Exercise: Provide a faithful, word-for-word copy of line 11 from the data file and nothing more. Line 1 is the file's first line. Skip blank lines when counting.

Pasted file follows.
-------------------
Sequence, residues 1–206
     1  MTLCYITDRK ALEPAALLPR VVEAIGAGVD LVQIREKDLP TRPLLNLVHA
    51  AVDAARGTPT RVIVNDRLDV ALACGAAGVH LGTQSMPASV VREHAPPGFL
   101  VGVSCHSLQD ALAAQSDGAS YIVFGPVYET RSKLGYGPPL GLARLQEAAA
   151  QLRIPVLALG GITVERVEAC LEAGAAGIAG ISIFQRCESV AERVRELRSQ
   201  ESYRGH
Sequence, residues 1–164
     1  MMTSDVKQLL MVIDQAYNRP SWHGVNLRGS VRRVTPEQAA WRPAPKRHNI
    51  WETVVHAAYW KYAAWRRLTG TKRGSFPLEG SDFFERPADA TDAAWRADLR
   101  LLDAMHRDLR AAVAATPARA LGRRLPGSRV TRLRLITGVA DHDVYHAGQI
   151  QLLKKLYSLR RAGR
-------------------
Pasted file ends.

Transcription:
   151  QLLKKLYSLR RAGR